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Monthly Meeting: Friday, 16th February, 2018
February 16 @ 19:00 - 21:00
The February 2018 monthly meeting of Liverpool Astronomical Society for the 2017 – 2018 (136th) session will be held on Friday, February 16th from 19:00 to 21:30.
Our guest speaker this month is Prof. Ian Robson (BSc, Phd, FRAS, CPhys, FInstP) whose lecture is entitled:
“The Discovery of Quasars”
Quasars are the most powerful bodies in the Universe and we now know that they are the extreme of Active Galaxies, powered by a supermassive black hole at their centre. However, the story of their discovery is one of missed opportunities, the advent of radio astronomy, careful observational measurements, and a fierce fight between two groups of astronomers before the truth was finally accepted. This talk describes the ins and outs of this story, the personalities involved and gives an insight into how quasars are powered and the fact that supermassive black holes are almost ubiquitous in the Universe.
Our guest speaker this month is Dr. Glyn Marsh whose lecture is entitled:
“Sir Robert Ludwig Mond and the Mond Photographic Equatorial – a local astronomy connection”
Robert Ludwig Mond was born at “The Hollies”, now No. 23 Derby Road, Farnworth on the 9th September 1867 – only a few miles from the LAS observatory at Pex Hill, Cronton.
He was the eldest son of Ludwig and Frida Mond (originally from Cassel, Germany). Ludwig Mond, an industrial chemist, had moved to England in 1862 to license a process he had invented for the recovery of sulphur from wastes produced during the manufacture of alkali. The Widnes area had, at that time, the largest concentration of alkali works in the country and waste products were becoming a significant environmental problem.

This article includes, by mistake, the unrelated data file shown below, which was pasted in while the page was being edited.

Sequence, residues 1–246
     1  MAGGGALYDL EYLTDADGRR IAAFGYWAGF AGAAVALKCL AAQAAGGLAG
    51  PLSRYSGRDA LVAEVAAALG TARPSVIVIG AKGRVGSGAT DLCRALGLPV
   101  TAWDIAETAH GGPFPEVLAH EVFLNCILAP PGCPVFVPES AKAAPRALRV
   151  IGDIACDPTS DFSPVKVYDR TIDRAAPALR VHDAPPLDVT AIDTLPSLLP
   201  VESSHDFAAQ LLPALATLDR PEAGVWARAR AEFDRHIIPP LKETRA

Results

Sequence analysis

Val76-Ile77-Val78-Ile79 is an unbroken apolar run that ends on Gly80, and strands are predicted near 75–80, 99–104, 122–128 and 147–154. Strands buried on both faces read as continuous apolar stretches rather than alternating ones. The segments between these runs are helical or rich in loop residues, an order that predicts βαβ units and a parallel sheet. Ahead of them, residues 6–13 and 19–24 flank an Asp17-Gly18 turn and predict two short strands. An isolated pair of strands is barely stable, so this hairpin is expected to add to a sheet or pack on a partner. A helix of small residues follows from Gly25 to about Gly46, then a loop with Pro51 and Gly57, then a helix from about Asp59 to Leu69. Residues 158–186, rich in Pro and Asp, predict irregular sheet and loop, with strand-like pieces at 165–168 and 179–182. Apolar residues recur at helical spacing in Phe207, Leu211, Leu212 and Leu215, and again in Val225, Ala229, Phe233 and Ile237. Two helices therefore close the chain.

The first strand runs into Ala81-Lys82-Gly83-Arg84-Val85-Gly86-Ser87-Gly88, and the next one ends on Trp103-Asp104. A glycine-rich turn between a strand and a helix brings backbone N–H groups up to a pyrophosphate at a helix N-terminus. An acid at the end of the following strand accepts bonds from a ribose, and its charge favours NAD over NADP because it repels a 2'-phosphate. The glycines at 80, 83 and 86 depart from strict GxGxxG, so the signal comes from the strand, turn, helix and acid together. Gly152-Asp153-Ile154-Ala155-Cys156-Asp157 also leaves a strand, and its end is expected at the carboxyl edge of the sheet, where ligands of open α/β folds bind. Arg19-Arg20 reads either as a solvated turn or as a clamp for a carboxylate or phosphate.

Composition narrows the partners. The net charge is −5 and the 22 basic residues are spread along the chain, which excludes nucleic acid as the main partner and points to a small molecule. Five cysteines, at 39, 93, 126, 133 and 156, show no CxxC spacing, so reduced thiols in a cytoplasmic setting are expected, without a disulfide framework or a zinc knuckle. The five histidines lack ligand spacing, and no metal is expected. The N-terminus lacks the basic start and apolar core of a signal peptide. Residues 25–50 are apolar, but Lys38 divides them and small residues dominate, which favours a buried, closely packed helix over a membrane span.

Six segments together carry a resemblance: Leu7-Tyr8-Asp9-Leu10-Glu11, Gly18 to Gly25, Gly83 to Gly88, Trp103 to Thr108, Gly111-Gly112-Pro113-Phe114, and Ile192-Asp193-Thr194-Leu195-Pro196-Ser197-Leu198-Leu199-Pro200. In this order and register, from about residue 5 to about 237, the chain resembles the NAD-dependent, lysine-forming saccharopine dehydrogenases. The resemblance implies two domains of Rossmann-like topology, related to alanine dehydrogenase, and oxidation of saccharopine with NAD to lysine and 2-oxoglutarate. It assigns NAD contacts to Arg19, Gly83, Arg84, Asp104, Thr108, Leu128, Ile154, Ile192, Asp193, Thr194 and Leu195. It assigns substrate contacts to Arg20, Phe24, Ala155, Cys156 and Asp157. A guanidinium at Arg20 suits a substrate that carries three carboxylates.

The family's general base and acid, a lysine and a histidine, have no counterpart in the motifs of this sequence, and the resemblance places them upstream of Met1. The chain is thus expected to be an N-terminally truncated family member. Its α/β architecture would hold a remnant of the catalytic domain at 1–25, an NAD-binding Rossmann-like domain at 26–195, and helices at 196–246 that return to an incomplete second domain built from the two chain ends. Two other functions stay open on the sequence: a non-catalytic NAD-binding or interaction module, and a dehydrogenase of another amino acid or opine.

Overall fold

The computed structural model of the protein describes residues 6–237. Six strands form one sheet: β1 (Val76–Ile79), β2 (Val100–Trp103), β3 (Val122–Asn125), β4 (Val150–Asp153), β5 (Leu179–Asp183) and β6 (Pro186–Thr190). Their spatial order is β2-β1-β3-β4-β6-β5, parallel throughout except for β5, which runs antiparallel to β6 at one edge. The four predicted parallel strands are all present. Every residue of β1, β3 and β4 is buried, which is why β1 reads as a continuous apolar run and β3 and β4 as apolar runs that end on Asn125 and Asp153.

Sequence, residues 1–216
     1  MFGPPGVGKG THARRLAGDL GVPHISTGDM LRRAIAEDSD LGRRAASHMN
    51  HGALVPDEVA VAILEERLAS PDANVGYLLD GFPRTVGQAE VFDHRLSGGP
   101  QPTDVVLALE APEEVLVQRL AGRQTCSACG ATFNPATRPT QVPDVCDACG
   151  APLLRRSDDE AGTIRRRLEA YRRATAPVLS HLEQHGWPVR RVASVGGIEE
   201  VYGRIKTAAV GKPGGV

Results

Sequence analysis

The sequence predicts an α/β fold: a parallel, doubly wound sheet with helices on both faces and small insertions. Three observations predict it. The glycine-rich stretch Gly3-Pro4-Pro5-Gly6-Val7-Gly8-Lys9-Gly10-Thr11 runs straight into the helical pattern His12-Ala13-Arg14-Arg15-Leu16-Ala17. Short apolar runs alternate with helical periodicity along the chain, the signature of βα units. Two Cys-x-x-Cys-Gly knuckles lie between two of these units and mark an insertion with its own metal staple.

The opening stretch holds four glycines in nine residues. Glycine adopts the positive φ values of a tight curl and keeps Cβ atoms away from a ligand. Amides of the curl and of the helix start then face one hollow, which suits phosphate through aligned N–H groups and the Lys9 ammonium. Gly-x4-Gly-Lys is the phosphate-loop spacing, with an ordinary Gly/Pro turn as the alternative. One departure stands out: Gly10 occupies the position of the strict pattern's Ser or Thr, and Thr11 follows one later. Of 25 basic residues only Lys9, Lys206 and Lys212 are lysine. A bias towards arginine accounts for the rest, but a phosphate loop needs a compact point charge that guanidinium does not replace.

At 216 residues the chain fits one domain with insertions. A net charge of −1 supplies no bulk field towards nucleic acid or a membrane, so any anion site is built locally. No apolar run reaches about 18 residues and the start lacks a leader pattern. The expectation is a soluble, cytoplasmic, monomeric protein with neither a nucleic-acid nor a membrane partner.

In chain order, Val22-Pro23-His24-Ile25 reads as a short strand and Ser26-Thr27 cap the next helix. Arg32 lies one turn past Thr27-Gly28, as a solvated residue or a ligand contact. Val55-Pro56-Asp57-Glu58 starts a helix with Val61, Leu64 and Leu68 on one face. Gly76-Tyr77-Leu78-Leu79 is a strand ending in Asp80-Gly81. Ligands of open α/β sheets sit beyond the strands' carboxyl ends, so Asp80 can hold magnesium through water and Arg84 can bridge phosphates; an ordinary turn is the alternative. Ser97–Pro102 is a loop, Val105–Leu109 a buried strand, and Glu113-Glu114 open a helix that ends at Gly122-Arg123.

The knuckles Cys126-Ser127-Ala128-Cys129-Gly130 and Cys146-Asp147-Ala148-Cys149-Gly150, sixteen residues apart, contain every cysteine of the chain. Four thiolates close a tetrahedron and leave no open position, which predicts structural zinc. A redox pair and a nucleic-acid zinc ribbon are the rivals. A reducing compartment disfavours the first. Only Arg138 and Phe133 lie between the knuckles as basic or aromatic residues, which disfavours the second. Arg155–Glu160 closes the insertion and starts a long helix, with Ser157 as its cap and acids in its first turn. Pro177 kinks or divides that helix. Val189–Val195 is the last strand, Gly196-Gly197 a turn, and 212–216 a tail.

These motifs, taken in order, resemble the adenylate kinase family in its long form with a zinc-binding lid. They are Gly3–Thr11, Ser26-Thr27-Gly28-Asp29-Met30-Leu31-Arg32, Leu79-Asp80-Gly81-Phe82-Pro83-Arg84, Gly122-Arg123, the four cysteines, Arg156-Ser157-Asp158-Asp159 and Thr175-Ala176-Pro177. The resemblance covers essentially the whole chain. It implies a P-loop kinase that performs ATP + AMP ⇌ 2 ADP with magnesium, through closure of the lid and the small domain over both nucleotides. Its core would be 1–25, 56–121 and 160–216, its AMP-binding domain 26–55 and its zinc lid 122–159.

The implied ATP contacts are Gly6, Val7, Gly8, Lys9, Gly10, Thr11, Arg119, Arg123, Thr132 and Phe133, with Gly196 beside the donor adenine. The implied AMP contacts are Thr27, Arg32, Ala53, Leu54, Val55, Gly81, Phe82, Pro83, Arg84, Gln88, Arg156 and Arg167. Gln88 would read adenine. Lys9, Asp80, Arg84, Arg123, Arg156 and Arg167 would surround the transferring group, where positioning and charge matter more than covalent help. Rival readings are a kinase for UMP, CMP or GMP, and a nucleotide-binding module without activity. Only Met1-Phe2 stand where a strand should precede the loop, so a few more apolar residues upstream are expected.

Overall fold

Later, Ludwig Mond, along with John Brunner would go on to become a major alkali manufacturer at Winnington, Cheshire, using a new, more efficient and benign process and became very wealthy. Brunner, Mond and Company eventually formed a major part of the giant Imperial Chemical Industries (ICI). Robert himself also became a distinguished scientist, a scholar of ancient Egypt and an industrial chemist of some repute. In addition, he used his family’s wealth and connections for good causes and was very much a philanthropist. Astronomy was one area of science that interested him greatly and in conjunction with Dr William J.S.Lockyer, son of the famous Sir Norman Lockyer, helped maintain the “Hill Observatory” at Sidmouth, Devon that had been established by Norman Lockyer in 1912. In 1932, Robert, now Sir Robert Mond, presented a unique astrographic instrument made by Cooke, Troughton & Simms to the Norman Lockyer Observatory and provided further funding for a professional observer to undertake research. The talk will describe and illustrate the many special features of this telescope and provide examples of its photographic observations from 1932 up until 1997 when film photography gave way to digital imaging. An on-going restoration and historical research project will also provide interesting insights into its heritage and possible future.
Subscriptions for 2016-2017 are now overdue and should have been paid by October 1st.
Please contact the Treasurer if you wish to become a member or update your subscription.
Adult Annual Subscription is £15.00
Junior Members Subscription (10 to 17yrs) is £5.00
The LAS e-newsletter is now included in your normal subscription cost
Free tea/coffee with light refreshments break will form part of the evening at about 8pm.
Please note – Doors will only open after 6.30pm and not before.
I do hope you can join me and your fellow members, but if you are unable to attend, please indicate your apologies to me by filling out this form.
With best wishes – Ken